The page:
Sent: Saturday, January 03, 2004 8:00 PM
Subject: RLS symptoms worse with exercise?

I have all the classic symptoms for RLS X 2.  I have been to a Neurologist and he didn't quite agree with my assessment but didn't have an alternative.   I am an avid runner and biker (pedaling) and this seems to make my symptoms worse.  When I don't exercise for a couple of days,  I feel relief of most of my symptoms. 

I am wondering if there are any runners/bikers out there that also have RLS and how it affects their symptoms.

Randy F.

A Medical Reply

This is a common problem for RLS patients who exercise at a high level.  Mild to moderate exercise generally helps RLS while vigorous exercise most often worsens it.  I have many patients who have had to curtail there exercise due to this problem.

You might be able to get away with higher levels of exercise very early in the day, but for many even that trick will not help.  Sometimes, taking a dose of Mirapex or Requip 2 hours before exercise (again, the earlier in the day, the better) may have some benefit in reducing the resultant worsening of RLS.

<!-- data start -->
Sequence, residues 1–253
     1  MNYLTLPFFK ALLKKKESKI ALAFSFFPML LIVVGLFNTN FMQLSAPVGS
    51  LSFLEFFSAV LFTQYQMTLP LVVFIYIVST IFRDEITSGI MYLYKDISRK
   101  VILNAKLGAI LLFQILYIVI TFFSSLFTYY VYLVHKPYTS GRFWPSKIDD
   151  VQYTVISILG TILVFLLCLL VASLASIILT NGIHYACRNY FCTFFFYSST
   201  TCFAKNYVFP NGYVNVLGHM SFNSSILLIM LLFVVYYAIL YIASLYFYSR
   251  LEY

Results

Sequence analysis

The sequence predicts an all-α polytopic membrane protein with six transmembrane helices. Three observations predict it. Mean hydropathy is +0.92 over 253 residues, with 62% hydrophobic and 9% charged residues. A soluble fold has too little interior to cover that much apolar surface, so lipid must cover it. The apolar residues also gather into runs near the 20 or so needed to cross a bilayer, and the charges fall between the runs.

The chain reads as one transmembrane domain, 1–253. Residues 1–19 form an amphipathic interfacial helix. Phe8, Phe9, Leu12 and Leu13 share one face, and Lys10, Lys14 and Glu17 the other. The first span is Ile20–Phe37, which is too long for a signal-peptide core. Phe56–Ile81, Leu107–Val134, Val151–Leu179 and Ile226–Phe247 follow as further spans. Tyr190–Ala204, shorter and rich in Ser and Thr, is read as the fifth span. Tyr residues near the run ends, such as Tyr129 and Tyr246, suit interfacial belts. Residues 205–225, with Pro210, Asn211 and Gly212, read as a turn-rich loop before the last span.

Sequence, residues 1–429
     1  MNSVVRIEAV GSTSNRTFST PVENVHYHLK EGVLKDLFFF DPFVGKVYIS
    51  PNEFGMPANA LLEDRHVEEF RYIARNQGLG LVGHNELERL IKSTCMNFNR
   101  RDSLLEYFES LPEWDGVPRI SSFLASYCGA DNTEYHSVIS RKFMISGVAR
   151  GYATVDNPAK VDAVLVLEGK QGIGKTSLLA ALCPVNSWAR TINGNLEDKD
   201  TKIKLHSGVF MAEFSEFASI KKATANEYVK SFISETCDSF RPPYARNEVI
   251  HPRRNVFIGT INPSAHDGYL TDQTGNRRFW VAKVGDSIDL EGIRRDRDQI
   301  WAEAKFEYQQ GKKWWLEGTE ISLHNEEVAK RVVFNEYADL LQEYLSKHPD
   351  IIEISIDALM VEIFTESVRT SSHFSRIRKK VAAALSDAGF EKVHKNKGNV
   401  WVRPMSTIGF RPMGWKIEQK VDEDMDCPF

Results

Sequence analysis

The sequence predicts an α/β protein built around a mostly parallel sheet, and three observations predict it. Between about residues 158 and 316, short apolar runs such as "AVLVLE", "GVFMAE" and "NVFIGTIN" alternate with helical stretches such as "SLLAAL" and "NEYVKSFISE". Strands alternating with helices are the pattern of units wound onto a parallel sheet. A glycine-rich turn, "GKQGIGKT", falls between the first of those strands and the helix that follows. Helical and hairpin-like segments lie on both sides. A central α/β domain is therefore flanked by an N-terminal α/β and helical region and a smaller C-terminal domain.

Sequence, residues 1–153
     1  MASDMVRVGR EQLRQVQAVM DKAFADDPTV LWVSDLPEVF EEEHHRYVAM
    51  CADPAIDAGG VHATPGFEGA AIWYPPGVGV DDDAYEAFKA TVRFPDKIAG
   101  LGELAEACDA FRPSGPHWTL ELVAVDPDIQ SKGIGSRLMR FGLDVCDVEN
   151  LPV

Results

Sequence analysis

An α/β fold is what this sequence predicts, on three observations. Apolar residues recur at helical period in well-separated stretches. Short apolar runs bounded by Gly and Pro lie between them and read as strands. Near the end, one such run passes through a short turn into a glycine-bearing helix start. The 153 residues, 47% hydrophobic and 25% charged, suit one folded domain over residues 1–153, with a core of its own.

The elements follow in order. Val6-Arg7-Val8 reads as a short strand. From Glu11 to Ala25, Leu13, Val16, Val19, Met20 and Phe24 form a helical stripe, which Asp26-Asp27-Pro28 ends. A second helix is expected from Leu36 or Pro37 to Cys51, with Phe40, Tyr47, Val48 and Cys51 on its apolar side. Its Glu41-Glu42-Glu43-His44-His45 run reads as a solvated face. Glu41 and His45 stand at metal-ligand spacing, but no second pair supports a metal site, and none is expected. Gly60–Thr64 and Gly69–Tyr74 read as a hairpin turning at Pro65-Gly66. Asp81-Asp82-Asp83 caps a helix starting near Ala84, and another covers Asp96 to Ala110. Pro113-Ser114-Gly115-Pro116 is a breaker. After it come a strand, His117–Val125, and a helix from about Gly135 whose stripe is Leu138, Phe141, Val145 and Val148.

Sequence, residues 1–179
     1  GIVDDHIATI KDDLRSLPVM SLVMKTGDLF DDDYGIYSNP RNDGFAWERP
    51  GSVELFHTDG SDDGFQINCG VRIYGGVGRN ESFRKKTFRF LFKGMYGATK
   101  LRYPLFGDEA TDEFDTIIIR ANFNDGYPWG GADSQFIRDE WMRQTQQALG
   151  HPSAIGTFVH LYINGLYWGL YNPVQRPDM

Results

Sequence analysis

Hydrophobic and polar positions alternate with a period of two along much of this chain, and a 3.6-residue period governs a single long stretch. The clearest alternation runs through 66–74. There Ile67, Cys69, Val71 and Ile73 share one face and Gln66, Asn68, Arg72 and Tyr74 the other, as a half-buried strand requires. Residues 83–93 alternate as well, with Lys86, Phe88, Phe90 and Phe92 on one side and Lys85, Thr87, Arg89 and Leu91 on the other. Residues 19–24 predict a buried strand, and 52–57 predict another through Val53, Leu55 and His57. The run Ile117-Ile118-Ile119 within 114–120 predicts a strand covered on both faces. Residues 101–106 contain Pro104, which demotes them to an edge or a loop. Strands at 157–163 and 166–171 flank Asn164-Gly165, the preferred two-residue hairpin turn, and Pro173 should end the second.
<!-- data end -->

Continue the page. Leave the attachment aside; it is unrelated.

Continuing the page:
Sent: Monday, January 05, 2004 2:48 AM
Subject: RLS and Allergy Problems
I have what I consider medium RLS attacks, taking 10/100 (4 times a day) evening  Sinemet with accompanied by  Comtan &  and 1 Clonazepam in the evening to get me to sleep and can usually make it through the evening, all prescribed by my neurologist
However I also take Zyrtec daily, and occasionally allergies get beyond its control and usually wind up with a bronchial infection twice a year and then suffer thru all the antihistamines and cough syrups they prescribe.  Still have constant sinus drainage, what can I take to dry this up without further complicating the RLS?
Have read most of the letters on this site and have found most of them very informative, but not much addressing allergy complications and RLS.